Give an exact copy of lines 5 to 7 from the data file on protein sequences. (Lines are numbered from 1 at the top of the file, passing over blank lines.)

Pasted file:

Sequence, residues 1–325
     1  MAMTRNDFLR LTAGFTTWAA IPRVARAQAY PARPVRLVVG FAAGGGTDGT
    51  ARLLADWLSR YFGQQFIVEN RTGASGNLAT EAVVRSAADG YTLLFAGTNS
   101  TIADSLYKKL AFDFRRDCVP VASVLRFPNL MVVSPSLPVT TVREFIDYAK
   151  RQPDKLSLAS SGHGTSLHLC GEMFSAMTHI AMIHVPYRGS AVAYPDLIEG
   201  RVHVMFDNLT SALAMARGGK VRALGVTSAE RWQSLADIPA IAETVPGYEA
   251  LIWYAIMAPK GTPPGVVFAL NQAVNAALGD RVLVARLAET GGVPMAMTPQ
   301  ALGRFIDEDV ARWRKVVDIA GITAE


   151  RQPDKLSLAS SGHGTSLHLC GEMFSAMTHI AMIHVPYRGS AVAYPDLIEG
   201  RVHVMFDNLT SALAMARGGK VRALGVTSAE RWQSLADIPA IAETVPGYEA
   251  LIWYAIMAPK GTPPGVVFAL NQAVNAALGD RVLVARLAET GGVPMAMTPQ